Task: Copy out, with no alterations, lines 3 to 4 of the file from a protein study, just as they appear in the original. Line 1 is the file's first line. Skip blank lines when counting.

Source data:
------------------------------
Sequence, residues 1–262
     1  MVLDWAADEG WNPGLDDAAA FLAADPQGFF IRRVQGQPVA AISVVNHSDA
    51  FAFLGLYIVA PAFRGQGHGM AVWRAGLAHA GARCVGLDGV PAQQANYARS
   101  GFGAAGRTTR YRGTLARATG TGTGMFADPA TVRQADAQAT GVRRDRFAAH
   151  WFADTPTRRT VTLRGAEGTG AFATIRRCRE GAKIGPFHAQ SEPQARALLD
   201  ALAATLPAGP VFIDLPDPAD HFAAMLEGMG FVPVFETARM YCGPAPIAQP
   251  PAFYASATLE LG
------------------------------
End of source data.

    51  FAFLGLYIVA PAFRGQGHGM AVWRAGLAHA GARCVGLDGV PAQQANYARS
   101  GFGAAGRTTR YRGTLARATG TGTGMFADPA TVRQADAQAT GVRRDRFAAH